SNP’s currency plan is the daftest idea in politics – Gove
Ditching the pound in Scotland to create a new currency “is the single-daftest idea in British politics”, Michael Gove has said.
The Tory Minister ridiculed the SNP’s plan for a separate currency if Scotland gets independence as “economic madness” which would increase both prices and poverty.
Speaking at a fringe event at the Scottish Conservatives conference in Aberdeen, Mr Gove claimed that Nicola Sturgeon knows the policy “is mad”.
Asked about the proposals for a separate currency, the Tory leadership favourite said: “That idea is the single daftest idea in British politics in my lifetime. It would be economic madness.”
Mr Gove added: “It would also be an infrastructure nightmare”, Mr Gove said when detailing the situation for someone who lived on the Scottish border would face.
He added: “You would need a bureau de change at Berwick.
“You wouldn’t even be able to use sterling in Stirling. It is the craziest idea that I think they’ve come up with and the person who knows it is mad – Nicola [Sturgeon] herself, because she didn’t even want this policy.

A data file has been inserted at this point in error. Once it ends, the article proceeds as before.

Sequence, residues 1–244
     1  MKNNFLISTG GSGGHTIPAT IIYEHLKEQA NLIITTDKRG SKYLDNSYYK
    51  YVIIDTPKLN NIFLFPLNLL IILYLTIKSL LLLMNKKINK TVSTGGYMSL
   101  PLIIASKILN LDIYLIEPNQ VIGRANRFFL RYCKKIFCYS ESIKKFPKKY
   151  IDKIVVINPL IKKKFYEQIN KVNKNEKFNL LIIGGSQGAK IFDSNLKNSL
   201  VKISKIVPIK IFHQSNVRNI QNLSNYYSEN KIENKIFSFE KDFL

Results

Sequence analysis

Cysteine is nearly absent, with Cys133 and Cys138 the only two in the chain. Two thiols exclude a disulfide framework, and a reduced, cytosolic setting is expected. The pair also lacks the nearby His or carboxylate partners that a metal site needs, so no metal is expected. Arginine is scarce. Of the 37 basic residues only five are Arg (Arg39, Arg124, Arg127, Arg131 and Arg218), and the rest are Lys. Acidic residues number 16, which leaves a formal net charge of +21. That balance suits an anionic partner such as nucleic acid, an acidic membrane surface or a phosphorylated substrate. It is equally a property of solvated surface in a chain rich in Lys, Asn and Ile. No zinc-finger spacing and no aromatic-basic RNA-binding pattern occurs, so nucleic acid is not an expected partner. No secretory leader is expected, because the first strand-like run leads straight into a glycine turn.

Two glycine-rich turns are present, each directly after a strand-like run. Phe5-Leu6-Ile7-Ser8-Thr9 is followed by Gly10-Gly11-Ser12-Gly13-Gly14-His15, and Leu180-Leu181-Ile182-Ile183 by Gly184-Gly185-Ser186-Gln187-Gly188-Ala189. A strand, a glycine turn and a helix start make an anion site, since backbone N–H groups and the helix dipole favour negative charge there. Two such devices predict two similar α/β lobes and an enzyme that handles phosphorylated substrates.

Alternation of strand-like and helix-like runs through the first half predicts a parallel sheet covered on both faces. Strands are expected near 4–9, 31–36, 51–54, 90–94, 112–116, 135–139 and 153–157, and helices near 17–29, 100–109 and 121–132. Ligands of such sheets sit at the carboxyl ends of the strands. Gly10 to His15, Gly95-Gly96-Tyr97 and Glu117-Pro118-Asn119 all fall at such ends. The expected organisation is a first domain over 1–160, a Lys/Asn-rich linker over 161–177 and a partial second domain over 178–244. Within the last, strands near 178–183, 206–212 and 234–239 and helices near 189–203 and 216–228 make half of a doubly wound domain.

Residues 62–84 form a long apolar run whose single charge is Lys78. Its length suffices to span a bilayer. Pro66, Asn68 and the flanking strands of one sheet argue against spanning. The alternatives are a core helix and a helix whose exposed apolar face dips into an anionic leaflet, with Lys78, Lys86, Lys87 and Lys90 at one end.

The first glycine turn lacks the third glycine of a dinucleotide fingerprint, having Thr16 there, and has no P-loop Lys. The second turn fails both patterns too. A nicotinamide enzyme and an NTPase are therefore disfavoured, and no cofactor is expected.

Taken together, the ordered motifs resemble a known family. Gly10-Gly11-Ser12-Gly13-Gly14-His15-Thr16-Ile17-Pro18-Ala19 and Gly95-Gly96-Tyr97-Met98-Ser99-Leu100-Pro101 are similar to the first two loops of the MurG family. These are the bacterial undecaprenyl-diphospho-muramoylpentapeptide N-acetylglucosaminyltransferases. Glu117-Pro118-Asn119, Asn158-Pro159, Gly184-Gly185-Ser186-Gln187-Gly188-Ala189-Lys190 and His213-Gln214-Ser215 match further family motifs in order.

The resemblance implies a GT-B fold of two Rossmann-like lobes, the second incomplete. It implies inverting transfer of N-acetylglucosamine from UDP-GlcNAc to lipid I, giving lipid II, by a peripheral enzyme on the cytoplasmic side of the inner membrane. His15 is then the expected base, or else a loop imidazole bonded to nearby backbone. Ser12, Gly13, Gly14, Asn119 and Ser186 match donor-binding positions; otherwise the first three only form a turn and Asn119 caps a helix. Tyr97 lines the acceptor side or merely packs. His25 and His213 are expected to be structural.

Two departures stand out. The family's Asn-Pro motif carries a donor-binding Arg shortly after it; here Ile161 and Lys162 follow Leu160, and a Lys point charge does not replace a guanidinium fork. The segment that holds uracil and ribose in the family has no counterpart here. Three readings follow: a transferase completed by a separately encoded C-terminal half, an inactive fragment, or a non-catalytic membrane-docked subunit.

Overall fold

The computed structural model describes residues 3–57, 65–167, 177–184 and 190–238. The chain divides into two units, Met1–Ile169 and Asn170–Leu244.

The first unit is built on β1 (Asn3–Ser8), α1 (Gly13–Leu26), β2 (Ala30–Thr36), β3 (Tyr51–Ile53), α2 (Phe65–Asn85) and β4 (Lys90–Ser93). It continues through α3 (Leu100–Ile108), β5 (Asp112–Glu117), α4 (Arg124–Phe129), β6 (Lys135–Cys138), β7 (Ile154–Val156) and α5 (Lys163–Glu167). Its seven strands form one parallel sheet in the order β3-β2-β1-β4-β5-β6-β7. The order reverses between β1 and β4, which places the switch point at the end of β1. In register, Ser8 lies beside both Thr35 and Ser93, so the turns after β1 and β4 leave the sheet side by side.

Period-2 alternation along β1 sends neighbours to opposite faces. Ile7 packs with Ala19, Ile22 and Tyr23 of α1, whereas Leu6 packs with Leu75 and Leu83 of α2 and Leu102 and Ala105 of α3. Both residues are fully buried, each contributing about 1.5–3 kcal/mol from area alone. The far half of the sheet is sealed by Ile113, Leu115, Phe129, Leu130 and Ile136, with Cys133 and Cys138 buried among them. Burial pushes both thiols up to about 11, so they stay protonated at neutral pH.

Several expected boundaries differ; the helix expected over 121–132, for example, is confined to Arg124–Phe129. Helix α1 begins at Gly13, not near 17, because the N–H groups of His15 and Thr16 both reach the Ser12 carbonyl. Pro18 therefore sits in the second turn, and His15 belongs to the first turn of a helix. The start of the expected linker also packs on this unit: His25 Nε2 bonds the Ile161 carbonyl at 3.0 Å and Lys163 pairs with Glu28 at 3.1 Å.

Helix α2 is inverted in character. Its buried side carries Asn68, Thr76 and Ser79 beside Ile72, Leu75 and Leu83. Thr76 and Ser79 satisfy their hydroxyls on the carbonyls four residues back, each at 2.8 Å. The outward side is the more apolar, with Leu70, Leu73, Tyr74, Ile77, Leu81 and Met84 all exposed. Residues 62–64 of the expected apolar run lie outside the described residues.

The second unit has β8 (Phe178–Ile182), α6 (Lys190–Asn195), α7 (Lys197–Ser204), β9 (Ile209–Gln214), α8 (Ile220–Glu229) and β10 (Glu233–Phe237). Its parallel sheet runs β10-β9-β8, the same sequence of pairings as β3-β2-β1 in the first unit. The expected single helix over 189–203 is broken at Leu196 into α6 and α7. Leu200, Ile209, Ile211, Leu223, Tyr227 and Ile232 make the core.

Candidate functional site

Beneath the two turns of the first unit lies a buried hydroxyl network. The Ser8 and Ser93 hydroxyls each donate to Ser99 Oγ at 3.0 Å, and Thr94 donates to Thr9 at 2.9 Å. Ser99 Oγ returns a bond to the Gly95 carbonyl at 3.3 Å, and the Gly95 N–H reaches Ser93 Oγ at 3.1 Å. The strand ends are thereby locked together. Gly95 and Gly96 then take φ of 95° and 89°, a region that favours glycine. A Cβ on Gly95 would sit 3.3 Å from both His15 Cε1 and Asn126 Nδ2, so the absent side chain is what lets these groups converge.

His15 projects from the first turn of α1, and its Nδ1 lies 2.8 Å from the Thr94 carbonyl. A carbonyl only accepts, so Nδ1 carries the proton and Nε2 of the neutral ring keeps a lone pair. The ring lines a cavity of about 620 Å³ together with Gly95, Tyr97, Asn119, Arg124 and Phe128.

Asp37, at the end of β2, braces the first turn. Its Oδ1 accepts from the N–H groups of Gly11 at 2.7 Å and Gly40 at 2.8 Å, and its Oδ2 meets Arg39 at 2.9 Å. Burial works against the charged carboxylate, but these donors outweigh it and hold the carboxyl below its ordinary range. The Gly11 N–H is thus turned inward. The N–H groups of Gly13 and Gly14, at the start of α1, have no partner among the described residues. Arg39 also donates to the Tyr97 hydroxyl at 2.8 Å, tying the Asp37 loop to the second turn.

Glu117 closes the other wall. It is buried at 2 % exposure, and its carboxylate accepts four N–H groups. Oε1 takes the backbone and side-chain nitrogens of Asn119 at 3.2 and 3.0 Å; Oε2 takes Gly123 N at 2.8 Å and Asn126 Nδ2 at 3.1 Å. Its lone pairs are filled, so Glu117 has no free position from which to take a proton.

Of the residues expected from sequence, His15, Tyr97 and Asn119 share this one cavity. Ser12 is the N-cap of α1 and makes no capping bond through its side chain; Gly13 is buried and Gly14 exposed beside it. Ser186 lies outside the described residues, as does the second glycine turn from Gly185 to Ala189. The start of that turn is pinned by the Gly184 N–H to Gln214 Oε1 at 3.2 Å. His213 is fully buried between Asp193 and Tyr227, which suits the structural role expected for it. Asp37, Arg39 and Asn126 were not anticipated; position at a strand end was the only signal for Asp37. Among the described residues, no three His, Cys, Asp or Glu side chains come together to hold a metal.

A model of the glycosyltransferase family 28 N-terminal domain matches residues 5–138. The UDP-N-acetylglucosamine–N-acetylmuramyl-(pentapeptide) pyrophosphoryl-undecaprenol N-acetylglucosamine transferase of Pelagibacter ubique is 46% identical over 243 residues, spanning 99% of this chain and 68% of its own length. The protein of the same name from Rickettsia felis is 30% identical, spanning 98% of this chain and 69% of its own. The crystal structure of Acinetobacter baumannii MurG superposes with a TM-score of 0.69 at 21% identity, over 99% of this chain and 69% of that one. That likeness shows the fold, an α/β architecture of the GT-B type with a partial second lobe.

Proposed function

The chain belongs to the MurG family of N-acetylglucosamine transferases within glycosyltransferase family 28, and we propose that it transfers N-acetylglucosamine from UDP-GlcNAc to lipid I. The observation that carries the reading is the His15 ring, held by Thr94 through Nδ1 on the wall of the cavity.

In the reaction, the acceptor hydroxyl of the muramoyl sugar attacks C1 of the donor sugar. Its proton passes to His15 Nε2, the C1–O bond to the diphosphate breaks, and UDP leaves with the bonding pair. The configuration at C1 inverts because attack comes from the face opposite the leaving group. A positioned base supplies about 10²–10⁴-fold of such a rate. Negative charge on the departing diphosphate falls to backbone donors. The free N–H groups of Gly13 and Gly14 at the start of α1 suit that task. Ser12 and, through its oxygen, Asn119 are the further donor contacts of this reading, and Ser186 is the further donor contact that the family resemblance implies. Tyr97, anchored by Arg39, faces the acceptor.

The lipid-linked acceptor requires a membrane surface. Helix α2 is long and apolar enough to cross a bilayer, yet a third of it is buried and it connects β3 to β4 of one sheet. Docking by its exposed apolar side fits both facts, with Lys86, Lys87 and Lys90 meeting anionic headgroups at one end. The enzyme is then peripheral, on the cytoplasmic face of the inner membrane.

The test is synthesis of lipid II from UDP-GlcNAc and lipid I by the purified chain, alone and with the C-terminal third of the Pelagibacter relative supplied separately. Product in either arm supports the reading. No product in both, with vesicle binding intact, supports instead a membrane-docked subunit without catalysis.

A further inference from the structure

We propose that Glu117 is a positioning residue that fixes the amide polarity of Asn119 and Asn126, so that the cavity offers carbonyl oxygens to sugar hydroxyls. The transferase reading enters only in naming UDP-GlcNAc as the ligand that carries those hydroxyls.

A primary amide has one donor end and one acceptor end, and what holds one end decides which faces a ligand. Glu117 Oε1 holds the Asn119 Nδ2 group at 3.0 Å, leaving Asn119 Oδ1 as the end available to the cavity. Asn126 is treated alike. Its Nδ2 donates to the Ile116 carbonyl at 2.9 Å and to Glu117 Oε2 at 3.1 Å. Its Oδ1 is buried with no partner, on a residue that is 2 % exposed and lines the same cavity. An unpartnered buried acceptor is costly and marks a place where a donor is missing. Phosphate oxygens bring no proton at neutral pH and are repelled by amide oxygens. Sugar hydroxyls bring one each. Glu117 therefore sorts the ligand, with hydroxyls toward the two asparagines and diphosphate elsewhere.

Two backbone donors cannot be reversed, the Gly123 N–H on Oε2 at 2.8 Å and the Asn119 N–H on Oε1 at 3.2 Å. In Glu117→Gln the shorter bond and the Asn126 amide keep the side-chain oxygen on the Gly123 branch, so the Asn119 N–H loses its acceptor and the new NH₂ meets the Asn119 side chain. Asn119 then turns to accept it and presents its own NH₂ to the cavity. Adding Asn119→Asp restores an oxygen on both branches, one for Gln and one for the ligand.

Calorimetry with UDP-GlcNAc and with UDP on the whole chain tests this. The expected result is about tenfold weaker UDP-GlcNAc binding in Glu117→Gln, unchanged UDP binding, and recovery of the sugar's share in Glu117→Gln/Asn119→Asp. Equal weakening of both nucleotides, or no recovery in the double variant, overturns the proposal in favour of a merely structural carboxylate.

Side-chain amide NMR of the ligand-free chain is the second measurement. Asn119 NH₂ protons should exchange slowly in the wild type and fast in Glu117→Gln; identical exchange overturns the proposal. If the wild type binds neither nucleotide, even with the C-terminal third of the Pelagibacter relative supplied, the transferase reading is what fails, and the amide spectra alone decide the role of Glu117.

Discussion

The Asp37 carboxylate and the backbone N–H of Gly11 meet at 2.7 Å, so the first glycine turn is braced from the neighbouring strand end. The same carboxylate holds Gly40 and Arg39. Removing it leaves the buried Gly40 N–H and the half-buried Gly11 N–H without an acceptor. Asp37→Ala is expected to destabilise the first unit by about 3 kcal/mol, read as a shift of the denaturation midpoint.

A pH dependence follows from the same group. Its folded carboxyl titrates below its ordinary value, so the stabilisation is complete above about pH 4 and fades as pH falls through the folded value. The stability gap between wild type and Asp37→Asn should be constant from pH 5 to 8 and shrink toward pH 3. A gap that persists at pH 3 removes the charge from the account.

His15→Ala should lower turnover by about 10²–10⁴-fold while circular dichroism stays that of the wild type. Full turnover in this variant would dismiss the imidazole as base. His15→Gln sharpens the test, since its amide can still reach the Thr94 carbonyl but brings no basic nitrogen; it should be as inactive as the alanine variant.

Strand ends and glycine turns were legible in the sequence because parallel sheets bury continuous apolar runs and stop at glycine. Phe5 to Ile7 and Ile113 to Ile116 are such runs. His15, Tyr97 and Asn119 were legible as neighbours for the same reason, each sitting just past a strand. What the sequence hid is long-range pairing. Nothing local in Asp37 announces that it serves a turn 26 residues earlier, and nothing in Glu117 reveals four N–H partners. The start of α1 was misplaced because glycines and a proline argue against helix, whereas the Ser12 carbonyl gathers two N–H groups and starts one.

“It was forced on her by the radicals who are increasingly in control of the SNP.
“There’s not a single Scottish business who believes this is a good idea and it just goes to show the single-minded obsession that the SNP have, driving them to ever-wilder forms of policy making.
“It’s also diverting the Scottish Government’s attention from the day job; the more time they spend constructing fantasy currencies, the less time they spend dealing with the bread and butter of improving education and healthcare.”
Asked whether the Prime Minister’s repeated defeats on her Withdrawal Agreement were hindering Ruth Davidson’s campaign to become First Minister, Mr Gove blamed Labour “for not getting Theresa May’s deal over the line”.
The Environment Secretary said the Prime Minister had shown “amazing effort and energy” and urged members: “We must keep faith in that resolve.”
Mr Gove also revealed that he is driven by the desire to repay his adopted parents “gamble” in choosing him, he told delegates.
He added: “Because I was adopted, my parents chose me. I have to show them that their gamble was worth it.”